Fr Flannery’s column in the order’s magazine, Reality, which he has written for 14 years has been banned by Rome.
Fr Adrian Egan, who heads the order’s Mount St Alphonsus monastery in Limerick, said he was dismayed, disappointed, flabbergasted, amazed, and hugely disappointed at the action by the Vatican. Speaking on Limerick’s Live 95FM, Fr Egan said: “I’m speaking on my own behalf and not for the Redemptorist order. I see nothing to be gained from silencing Tony.
“It doesn’t sit well in today’s culture and it doesn’t benefit anyone. He is articulating what he is hearing on the ground, on the coalface, from ordinary people.”
He described the move by the Vatican as a problem and claimed priests are been subjected to FBI-like attention from Catholic agents who want to silence anyone brave enough to voice their own opinions from the pulpit.
Fr Egan said: “The reality is that there are people sitting in churches on a daily basis that are almost listening to hear you express an opinion that might be seen as dissenting, and they will report you. It’s a little bit like back, maybe in the Hoover days in America, where there are agents all around the place who are willing to lift a phone, or write a letter, to a local bishop or the Vatican, and say, ‘so and so did this’, and it may be of the most minor thing, and yet, they can be taken seriously.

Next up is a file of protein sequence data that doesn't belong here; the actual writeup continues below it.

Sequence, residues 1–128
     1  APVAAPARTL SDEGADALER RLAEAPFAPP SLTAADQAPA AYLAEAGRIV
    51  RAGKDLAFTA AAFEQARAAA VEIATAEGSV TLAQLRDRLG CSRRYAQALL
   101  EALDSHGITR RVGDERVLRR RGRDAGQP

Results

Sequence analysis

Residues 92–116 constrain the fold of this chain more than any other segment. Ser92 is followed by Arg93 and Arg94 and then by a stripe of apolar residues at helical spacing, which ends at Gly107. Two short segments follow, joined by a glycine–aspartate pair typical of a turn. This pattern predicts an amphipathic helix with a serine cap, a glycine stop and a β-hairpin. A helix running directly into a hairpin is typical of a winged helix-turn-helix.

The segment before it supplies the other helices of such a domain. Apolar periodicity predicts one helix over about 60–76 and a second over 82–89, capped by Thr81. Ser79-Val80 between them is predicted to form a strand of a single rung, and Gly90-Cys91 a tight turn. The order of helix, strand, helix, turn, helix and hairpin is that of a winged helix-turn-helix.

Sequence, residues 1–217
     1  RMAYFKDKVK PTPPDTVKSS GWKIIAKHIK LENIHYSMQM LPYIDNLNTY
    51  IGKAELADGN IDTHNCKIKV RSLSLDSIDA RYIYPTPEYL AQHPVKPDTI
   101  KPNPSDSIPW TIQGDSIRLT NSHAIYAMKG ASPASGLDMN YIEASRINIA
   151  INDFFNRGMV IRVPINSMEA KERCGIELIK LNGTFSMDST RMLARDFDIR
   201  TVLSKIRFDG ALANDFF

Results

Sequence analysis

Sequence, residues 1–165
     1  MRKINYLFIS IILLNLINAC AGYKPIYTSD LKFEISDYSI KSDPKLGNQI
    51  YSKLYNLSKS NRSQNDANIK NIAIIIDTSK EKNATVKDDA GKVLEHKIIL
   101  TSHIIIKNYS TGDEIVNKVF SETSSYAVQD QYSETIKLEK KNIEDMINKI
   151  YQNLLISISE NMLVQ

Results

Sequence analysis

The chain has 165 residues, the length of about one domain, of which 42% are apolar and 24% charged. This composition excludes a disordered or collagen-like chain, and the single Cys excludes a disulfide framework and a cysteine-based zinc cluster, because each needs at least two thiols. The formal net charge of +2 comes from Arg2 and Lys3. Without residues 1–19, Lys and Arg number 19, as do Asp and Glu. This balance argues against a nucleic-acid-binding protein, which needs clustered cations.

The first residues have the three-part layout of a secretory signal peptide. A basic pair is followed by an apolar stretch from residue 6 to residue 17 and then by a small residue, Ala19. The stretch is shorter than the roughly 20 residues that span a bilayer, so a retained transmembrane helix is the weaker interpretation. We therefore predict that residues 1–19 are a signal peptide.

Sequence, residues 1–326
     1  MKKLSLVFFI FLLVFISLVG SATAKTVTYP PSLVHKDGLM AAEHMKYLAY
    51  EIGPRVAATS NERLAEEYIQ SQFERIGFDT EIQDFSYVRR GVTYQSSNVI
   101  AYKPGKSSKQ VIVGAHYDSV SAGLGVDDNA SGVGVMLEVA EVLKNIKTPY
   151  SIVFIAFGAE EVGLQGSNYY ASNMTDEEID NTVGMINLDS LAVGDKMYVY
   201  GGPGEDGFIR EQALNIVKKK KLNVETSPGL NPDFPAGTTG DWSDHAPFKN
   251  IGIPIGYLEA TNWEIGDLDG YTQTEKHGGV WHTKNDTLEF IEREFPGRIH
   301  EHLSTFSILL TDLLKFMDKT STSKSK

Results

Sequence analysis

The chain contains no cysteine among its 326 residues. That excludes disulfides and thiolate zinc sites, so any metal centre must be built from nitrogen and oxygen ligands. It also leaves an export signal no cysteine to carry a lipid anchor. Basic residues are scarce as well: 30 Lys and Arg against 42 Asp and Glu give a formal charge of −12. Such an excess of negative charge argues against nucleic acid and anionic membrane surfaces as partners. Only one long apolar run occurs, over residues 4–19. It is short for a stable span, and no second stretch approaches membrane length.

“There’s something going on at the core of the Church, where there is this struggle going on between a desire to move us backwards into a more orthodox, conforming, non-questioning kind of faith, and another dimension which wants to bring us forward into a more adult kind of faith that allows people... to be able to express or articulate things that they are struggling with without fearing that they are going to be silenced.
“I want to be able to articulate what I feel and what I think about. We are now celebrating Holy Week and, in many ways, Jesus was a victim of those who wanted to silence him and those in power who didn’t like what he was saying. They wanted rid of him... and were prepared to trample on him. There is a sense of that here; this is not how you deal with people with whom you disagree.”
Fr Egan said, he shared many of Fr Flannery’s views about sexuality, women priests and married clergy. “He certainly has my support and I’d be surprised if he doesn’t have the support of the vast majority of his colleagues and of the congregation.”
Fr Egan said debating issues were part of the principles upon which the Redemptorist Order was founded and the Vatican’s stance against Fr Flannery “isn’t just a challenge to Tony really. It’s a challenge to anyone who wants to preach the Good News and to do it in a way that is true to the spirit of the Gospel”.
Fr Egan added: “We’re celebrating Good Friday today and at the heart of the Easter message is that the Passion is about how those in power and privilege abuse and brutalise the marginalised and the vulnerable.
“The story of the Resurrection is how, ultimately, that doesn’t succeed, and those in power don’t succeed and that truth wins out. There’s an element of that happening within what’s happening to Tony and within the Church these days.”
The Church, he said, needed to “practise what we preach”.